17 November 2008

Cabbage soup

It's been gray and dreary here for weeks now. At least that's my impression. It's not cold, but it is almost gloomy. We haven't had any measurable rain in a week or so, but the ground is saturated and I come home after my walks with the dog with very wet shoes and socks. And today they are predicting actual rain. That's not an improvement.

This is what I would call chou frisé — Savoy cabbage.
But on Wiki I see a chou frisé that looks more like kale.

The duck legs are brining (see yesterday's post) and I'm going to let them continue to marinate for another 24 hours. Meanwhile, I'm going to make cabbage soup. The Savoy cabbages at the supermarket are beautiful right now and very inexpensive (79 cents each). All the other vegetable are cheap too — carrots for 40 cents a kilo, leeks for 60 cents a kilo. So now is the time to enjoy them.

« Une sorte de soupe aux choux »

Here's a recipe for cabbage soup that I'm going to follow. It comes from this book, which I've had for years now and use just once in a while, mostly for ideas, not the actual recipes. The copyright date in the book is 1988, but I wonder if it is really that recent.

A lot of old-style French recipes are in here.

Here's a translation of the recipe. I'm adding some paragraph breaks to make it easier to read.
A Kind of Cabbage Soup

In a big cookpot containing two quarts of water, on medium heat, cook a 2 lb. piece of pork belly (smoked or salt-cured) that you have soaked for an hour in cold water. When the pot boils, skim the broth and let it boil for 30 minutes.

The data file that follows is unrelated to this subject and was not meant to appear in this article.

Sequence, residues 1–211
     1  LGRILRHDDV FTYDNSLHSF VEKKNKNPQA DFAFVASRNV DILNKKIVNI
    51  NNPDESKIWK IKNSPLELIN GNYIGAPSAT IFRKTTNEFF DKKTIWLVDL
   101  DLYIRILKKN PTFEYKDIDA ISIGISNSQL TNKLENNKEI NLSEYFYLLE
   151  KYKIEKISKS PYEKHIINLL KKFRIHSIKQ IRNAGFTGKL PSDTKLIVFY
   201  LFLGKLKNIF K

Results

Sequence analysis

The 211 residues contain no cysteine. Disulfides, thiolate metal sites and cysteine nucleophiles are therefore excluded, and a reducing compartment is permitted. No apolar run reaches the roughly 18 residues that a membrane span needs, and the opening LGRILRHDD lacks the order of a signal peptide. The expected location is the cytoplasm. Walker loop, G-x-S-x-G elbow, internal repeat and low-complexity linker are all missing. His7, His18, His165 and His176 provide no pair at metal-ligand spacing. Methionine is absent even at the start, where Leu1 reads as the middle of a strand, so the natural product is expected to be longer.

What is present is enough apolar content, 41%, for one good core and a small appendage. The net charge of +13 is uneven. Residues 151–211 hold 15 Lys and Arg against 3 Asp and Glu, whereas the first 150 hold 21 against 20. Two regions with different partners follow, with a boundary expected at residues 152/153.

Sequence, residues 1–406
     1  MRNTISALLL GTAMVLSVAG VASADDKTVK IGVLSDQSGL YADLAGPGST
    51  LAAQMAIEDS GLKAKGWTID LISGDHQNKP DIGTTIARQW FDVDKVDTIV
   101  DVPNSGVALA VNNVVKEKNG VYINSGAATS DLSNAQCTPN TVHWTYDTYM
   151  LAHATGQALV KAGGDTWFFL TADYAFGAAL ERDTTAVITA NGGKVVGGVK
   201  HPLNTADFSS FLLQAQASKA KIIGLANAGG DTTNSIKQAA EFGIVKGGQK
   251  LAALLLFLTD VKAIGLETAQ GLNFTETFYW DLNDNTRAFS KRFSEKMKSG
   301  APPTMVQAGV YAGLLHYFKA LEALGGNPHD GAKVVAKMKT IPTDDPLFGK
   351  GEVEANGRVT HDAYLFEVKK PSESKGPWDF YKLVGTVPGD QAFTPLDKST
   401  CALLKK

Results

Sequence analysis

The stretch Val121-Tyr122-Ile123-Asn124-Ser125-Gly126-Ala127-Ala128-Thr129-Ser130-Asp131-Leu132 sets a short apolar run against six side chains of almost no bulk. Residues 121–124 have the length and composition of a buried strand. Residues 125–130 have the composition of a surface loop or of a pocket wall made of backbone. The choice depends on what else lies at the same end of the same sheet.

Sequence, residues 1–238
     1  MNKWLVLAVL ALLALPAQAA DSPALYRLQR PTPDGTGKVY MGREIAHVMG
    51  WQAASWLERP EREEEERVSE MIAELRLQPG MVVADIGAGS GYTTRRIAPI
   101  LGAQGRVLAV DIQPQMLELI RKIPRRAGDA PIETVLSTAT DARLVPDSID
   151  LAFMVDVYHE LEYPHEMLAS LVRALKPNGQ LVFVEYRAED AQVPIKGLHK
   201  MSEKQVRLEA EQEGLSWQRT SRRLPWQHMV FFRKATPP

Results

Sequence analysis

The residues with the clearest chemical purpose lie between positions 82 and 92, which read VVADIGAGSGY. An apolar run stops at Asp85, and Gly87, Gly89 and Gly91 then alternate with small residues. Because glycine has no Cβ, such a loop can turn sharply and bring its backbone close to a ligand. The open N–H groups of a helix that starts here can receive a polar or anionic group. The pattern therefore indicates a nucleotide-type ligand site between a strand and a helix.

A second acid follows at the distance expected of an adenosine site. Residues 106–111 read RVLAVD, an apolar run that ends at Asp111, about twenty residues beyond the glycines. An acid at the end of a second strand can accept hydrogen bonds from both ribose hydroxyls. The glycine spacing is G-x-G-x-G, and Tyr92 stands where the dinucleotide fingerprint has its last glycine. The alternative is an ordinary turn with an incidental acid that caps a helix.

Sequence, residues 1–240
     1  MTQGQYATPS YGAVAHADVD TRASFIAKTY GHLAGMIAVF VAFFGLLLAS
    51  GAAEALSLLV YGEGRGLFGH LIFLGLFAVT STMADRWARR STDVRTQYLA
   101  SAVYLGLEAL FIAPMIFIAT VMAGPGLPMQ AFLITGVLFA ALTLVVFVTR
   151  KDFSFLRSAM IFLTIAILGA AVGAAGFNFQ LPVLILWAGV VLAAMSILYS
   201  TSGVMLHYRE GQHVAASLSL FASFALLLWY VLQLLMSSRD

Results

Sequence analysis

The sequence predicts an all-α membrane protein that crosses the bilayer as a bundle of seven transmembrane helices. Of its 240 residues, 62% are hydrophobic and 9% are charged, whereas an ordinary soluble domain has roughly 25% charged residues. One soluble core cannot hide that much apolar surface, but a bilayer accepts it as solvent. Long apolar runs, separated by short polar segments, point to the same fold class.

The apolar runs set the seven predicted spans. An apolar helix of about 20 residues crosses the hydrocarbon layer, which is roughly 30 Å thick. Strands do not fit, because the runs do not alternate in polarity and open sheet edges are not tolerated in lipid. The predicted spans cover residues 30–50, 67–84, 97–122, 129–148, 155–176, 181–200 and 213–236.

Add vegetables as you would for boiled beef: 2 leeks tied into a bundle; carrots split lengthwise; other root vegetables; a bouquet of thyme, parsley, and bay leaf; 2 onions; and 3 cloves of garlic. Do not salt the broth until the very end of the cooking because the salt from the cured meat will probably be sufficient. Cover the pot and continue the cooking for at least an hour.

At the end of that time, add to the pot, with the other vegetables, 2 little green cabbages (the best one are the little cabbages that we get in springtime), which you have split and then tied up so that they don’t come apart in the broth.

A half-hour after adding the cabbages, uncover the pot and add 6 medium potatoes and a sausage (or two) that you have poked in several places with a fork so that it won’t split open. Put the lid back on and finish the cooking for about 30 minutes.

Taste the broth and adjust the seasoning, and when it is just right, remove the herb bouquet and also the leeks, which you should untie and cut into serving pieces. Take the cabbages out of the pot using a slotted spoon and place them in a heated dish, arrange the potatoes around them, and put the pork and the sausage on top. Put the dish in a warm oven and pour the bouillon and the rest of the vegetables over thin slices of stale bread in a large bowl. Remove the onions and the garlic if you want. Serve very hot in heated soup bowls.

This soup, which makes a complete meal, is always welcome. When you have meat left over, serve it as an hors-d’oeuvre the next day.

In wintertime, make the soup using loose heads of green Savoy cabbage or kale.
I have a little hamhock, less than a pound, and two kinds of sausages, smoked and Toulouse(which are not smoked). It should all be good.